As the deadline to re-establish contact with Chandrayaan-2’s Vikram Lander looms large, the Indian Space Research Organisation (ISRO) is leaving no stone unturned. The lander’s 14-day mission life will end on Saturday, September 21, with the setting in of the Lunar Night.

One Lunar Night is equivalent to 14 earth days. Once it falls, the Lander – which is designed to operate on solar power – will receive no sunlight to generate energy, becoming dormant in the cold terrains of the Moon.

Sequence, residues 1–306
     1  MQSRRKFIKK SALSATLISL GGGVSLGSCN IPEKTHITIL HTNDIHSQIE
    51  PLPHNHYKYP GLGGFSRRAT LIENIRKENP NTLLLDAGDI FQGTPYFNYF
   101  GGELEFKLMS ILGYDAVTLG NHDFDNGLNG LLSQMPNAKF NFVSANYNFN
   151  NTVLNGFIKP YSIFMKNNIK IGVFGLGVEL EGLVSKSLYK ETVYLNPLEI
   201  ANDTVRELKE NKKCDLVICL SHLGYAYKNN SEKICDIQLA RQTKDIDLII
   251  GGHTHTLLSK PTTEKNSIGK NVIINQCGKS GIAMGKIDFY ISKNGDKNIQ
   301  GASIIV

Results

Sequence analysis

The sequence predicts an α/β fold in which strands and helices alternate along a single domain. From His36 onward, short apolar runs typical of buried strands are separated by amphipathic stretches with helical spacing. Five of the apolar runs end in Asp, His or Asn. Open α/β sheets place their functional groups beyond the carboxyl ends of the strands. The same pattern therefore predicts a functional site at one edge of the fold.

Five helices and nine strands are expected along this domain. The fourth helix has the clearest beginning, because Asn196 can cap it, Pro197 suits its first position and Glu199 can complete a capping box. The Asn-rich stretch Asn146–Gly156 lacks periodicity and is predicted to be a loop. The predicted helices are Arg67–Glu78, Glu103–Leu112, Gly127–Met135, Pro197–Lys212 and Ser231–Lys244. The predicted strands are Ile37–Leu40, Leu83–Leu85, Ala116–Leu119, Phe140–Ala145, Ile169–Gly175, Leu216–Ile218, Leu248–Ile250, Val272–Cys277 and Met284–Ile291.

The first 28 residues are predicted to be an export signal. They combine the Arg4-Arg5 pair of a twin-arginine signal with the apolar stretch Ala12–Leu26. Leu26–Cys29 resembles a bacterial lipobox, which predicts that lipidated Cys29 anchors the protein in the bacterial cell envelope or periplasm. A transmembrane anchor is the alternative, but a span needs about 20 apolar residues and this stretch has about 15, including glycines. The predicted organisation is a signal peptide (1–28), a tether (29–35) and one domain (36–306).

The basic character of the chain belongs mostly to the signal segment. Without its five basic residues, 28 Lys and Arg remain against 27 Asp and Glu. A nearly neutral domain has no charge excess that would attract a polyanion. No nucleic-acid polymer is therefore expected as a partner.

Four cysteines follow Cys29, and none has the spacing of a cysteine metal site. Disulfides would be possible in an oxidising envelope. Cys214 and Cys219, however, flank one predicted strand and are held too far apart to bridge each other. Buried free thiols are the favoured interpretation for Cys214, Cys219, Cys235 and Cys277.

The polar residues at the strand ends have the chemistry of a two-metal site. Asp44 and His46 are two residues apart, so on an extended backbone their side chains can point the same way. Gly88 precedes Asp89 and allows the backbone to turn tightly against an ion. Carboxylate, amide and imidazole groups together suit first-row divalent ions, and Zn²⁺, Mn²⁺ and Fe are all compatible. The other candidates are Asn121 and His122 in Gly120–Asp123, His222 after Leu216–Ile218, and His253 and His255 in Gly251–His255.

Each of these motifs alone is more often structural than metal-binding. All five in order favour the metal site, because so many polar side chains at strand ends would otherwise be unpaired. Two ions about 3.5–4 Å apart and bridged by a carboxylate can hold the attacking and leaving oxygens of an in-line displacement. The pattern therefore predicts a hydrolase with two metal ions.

The Vikram Lander, with Moon Rover Pragyan housed inside it, lost communication with the ISRO ground station on September 7 during its final descent on the moon at 2.1 kms above the lunar surface after encountering a hard landing. The 1,471 kg-lander had attemped to land on the Moon’s south polar region in a high plain between two craters, Manzinus C and Simpelius N, at a latitude of about 70° south.

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